A number of firms that may benefit from increased construction have been the main contributors to Penny for Pasco supporters. Tax opponents say that's no surprise.
By BRIDGET HALL GRUMET
Published January 16, 2004
NEW PORT RICHEY - Some builders, bankers and developers are becoming big believers in the Penny for Pasco - so big that they're pouring thousands of dollars into promoting the 1-cent-on-the-dollar sales tax hike.
Campaign contribution reports filed this week show the development community is giving a hearty push to Pasco's Citizen Committee, the political group promoting the tax. Of the $45,381 the committee has raised so far, $32,701 came from bond companies, architects, engineers, contractors and developers.
Most of those companies are based outside the county, although they do business in Pasco. Two of the biggest contributions ($5,000 from UBS Financial Services and $2,500 from Citigroup Global Markets) came from bond companies based in the New York area.
What's their interest in the sales tax hike coming before Pasco voters March 9?
"It provides a better quality of life, and is better for their business in the long run," said committee co-chair Allen Altman, noting the tax would pay for new schools, improved roads, environmental land buys and other projects.
"I don't think there's anything wrong with businesses that have a presence in the county assisting or participating in an issue where the benefits are so obvious," Altman added.
But the benefits could extend to consultants and contractors, too. If the tax passes, school and county officials will have millions of dollars in building and road paving projects - and they'll need someone to design and build them.
One architecture firm that specializes in school facilities design, Holmes Hepner & Associates of Tampa, donated $5,000 to the committee promoting the sales tax. Creative Contractors of Clearwater, which built the West Pasco YMCA and several other local projects, chipped in $1,000.
"Being in the construction business, we're hopeful that (passage of the sales tax) helps our business as well," said Creative Contractors vice president Tom Fronce. "That's just part of it."
The other part, Fronce said, is a shared interest in the community where many of the company's employees live or work. Fronce's wife is a Pasco County elementary teacher, so she sees firsthand the school district's overcrowding problems, he said.
"We have always supported the opportunity to assist in sensible growth, and having built a number of projects in Pasco County, we feel that it's our civic duty to assist and hopefully provide sensible growth," Fronce said.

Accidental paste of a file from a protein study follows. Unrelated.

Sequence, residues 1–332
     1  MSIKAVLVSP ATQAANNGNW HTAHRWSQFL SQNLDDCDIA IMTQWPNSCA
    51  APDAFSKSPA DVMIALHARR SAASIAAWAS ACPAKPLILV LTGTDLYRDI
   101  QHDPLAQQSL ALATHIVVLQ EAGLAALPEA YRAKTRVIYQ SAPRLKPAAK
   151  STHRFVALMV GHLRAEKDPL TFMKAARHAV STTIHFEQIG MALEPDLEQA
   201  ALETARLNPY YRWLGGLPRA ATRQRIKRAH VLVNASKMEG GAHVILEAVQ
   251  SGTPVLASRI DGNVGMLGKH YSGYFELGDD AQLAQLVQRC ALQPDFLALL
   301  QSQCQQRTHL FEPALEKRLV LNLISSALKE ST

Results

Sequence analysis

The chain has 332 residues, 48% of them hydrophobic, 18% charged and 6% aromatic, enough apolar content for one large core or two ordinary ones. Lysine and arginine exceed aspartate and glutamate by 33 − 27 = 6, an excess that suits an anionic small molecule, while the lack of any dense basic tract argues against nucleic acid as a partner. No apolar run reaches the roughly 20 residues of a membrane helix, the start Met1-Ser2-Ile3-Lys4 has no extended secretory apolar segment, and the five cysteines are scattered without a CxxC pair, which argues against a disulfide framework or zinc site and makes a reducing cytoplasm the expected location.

The sales tax increase would raise about $437-million over its 10-year life, with about a quarter of that paying for a property tax rate cut from the School Board. The county and the school district would then each get 45 percent of the revenue, and the cities would split the rest.
Don Buck, president of DEVCO Communities, said a sales tax is the most equitable way to charge everyone for roads and other public facilities. Impact fees only hit people buying new homes, he said, and property taxes only affect landowners.
He also acknowledged the Penny for Pasco projects would make the county a more attractive place for people to buy the new homes he develops.
"People (buying a home) look for schools, good neighborhoods, quality development, recreational activities," Buck said. "Most of all, they look at the road system. They don't want to spend hours a day figuring out how to get to and from work."
That's just what sales tax opponents like Ann Bunting suspected. Bunting said the tax will only benefit developers by paving the way for more subdivisions.
"They're not going to attract people into a community to buy these upscale homes unless there are enough roads and enough schools to accommodate the development," said Bunting, head of Citizens Against the Penny for Pasco. "They need this. They need more roads and schools for developers to do the building they need to do to make their money."
So far, Bunting's group has raised only $24 in in-kind contributions: copying costs for antitax pamphlets.
The propenny group has spent $19,659 so far, including $10,000 on political consultant Dick Batchelor, who guided a successful 2002 campaign in Orange County to pass a half-cent sales tax for schools.
Another $7,250 went to repay a loan from Pasco's Citizen Committee member Bill Phillips, who helped pay Batchelor's fees last August. Batchelor helped the group research sales tax issues and develop its strategy, but his work now is done, Altman said.